Please Note: This article is written for users of the following Microsoft Excel versions: 2007, 2010, 2013, 2016, 2019, and Excel in Office 365. If you are using an earlier version (Excel 2003 or earlier), this tip may not work for you. For a version of this tip written specifically for earlier versions of Excel, click here: Searching for Line Breaks.

Searching for Line Breaks

by Allen Wyatt
(last updated May 11, 2019)

Veronica wondered how to search for a line break (Alt+Enter) in a cell. In Word you can search for ^l to find line breaks, but there does not seem to be a similar way to search for line breaks in Excel.

The answer is to remember that you can enter any ASCII code into the "Find What" box by holding down the Alt key and using the numeric keypad. Since the ASCII code for the line break is 10, you can follow these steps:

  1. Press Ctrl+F to display the Find tab of the Find and Replace dialog box. (See Figure 1.)
  2. Figure 1. The Find tab of the Find and Replace dialog box.

  3. In the Find What box, hold down the Alt key as you type 0010 on the numeric keypad. It may not look like anything is in the Find What box, but the character is there.
  4. Click Find Next.

If you want to find cells containing a line break through a macro, you can use the following:

Sub FindLineBreak()
    WhatToFind = Chr(10)
    Cells.Select
    Selection.Find(What:=WhatToFind, After:=ActiveCell, _
      LookIn:=xlValues, LookAt:=xlPart, _
      SearchOrder:=xlByRows, SearchDirection:=xlNext, _
      MatchCase:=False, SearchFormat:=False).Activate
End Sub

Note:

If you would like to know how to use the macros described on this page (or on any other page on the ExcelTips sites), I've prepared a special page that includes helpful information. Click here to open that special page in a new browser tab.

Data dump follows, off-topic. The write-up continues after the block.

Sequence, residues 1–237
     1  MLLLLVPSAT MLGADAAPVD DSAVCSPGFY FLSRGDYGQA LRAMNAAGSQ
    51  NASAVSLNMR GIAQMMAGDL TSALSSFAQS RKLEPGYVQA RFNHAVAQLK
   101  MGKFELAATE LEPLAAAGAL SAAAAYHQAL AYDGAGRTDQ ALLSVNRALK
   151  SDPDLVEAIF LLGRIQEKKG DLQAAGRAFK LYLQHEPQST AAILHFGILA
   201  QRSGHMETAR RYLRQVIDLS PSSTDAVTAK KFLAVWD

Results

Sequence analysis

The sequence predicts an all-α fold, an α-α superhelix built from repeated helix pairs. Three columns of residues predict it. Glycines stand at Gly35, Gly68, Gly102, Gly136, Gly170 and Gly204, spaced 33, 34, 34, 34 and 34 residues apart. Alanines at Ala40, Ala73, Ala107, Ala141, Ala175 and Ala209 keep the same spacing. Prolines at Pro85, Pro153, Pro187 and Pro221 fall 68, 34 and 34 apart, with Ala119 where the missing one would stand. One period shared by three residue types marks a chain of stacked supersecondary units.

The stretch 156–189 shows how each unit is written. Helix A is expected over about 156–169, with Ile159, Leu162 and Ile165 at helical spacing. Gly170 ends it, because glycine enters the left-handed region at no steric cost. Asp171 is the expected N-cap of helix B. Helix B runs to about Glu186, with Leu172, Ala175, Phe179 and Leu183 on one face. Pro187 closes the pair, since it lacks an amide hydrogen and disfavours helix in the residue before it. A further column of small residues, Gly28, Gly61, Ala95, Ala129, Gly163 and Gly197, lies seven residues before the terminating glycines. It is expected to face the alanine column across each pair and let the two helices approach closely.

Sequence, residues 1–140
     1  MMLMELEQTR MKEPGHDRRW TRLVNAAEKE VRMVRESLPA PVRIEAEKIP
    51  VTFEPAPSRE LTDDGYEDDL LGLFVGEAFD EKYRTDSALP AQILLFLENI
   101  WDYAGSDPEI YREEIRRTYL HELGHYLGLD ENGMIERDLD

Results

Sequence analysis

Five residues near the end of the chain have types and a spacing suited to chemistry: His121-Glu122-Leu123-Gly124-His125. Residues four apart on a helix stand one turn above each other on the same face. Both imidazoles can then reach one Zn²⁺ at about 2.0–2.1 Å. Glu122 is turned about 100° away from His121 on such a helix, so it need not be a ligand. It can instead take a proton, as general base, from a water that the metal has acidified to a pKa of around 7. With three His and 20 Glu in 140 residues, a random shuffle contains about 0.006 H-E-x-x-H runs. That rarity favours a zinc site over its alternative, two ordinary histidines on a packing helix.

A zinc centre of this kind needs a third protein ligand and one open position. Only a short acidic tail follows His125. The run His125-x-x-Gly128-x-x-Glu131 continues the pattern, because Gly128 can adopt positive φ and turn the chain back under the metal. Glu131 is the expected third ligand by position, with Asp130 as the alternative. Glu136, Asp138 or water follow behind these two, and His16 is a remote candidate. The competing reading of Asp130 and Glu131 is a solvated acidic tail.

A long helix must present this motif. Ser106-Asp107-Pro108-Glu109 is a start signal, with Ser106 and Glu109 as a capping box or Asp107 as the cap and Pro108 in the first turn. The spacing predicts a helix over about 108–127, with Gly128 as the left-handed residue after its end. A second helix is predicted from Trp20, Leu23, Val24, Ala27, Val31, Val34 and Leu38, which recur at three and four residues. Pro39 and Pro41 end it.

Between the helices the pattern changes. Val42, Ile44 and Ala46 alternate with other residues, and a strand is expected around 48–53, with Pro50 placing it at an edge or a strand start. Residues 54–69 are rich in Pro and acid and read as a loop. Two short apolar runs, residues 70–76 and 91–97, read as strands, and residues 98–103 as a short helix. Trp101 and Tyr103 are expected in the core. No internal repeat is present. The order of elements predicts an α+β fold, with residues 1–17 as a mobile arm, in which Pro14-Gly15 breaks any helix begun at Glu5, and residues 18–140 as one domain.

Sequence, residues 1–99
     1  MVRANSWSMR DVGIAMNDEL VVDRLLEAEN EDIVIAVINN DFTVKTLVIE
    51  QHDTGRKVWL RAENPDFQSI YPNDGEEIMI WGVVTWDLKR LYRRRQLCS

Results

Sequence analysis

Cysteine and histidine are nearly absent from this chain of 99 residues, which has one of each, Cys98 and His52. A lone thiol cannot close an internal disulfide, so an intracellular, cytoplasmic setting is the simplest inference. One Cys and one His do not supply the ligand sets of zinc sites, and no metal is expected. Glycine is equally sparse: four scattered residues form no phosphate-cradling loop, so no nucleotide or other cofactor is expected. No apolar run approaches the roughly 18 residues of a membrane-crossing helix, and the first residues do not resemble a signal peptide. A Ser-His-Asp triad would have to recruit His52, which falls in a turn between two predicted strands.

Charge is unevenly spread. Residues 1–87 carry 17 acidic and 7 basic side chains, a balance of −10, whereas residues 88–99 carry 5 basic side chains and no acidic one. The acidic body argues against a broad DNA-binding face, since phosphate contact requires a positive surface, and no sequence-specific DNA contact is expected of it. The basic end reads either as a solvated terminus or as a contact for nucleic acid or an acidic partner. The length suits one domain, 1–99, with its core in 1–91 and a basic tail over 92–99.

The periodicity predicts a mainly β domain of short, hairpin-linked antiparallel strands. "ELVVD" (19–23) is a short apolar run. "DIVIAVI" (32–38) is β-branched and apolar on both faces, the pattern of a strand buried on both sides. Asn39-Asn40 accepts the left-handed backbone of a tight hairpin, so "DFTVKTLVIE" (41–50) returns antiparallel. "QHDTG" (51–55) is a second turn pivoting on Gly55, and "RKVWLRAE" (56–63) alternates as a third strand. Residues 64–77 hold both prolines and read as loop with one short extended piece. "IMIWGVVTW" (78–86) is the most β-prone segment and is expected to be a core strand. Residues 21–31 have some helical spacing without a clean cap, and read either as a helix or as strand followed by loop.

ExcelTips is your source for cost-effective Microsoft Excel training. This tip (9013) applies to Microsoft Excel 2007, 2010, 2013, 2016, 2019, and Excel in Office 365. You can find a version of this tip for the older menu interface of Excel here: Searching for Line Breaks.

Author Bio

Allen Wyatt

With more than 50 non-fiction books and numerous magazine articles to his credit, Allen Wyatt is an internationally recognized author. He is president of Sharon Parq Associates, a computer and publishing services company. ...

MORE FROM ALLEN

Understanding the Select Case Structure

Programming structures are an important tool used by any programmer. The VBA language used by Word's macros includes ...

Discover More

Understanding DATE Field Formatting

One of the most commonly used fields is the DATE field. You can specify how the DATE field displays the current date by ...

Discover More

Read-Only Documents without a Password

Want to protect your document so it cannot be changed? There are a couple of ways you can do it, and not all of them ...

Discover More

Excel Smarts for Beginners! Featuring the friendly and trusted For Dummies style, this popular guide shows beginners how to get up and running with Excel while also helping more experienced users get comfortable with the newest features. Check out Excel 2013 For Dummies today!

More ExcelTips (ribbon)

A Fast Find-Next

Tired of the Find and Replace dialog box blocking the view of your worksheet when you are searching for information? Do ...

Discover More

Searching for Leading Apostrophes

Take a look at the Formula bar when you select a cell that contains text, and you may see an apostrophe at the beginning ...

Discover More

Replacing Characters at the End of a Cell

The Find and Replace capabilities of Excel can come in handy, but they can't accomplish all your replacement needs. One ...

Discover More
Subscribe

FREE SERVICE: Get tips like this every week in ExcelTips, a free productivity newsletter. Enter your address and click "Subscribe."

View most recent newsletter.

Comments

If you would like to add an image to your comment (not an avatar, but an image to help in making the point of your comment), include the characters [{fig}] (all 7 characters, in the sequence shown) in your comment text. You’ll be prompted to upload your image when you submit the comment. Maximum image size is 6Mpixels. Images larger than 600px wide or 1000px tall will be reduced. Up to three images may be included in a comment. All images are subject to review. Commenting privileges may be curtailed if inappropriate images are posted.

What is 7 - 7?

There are currently no comments for this tip. (Be the first to leave your comment—just use the simple form above!)


This Site

Got a version of Excel that uses the ribbon interface (Excel 2007 or later)? This site is for you! If you use an earlier version of Excel, visit our ExcelTips site focusing on the menu interface.

Newest Tips
Subscribe

FREE SERVICE: Get tips like this every week in ExcelTips, a free productivity newsletter. Enter your address and click "Subscribe."

(Your e-mail address is not shared with anyone, ever.)

View the most recent newsletter.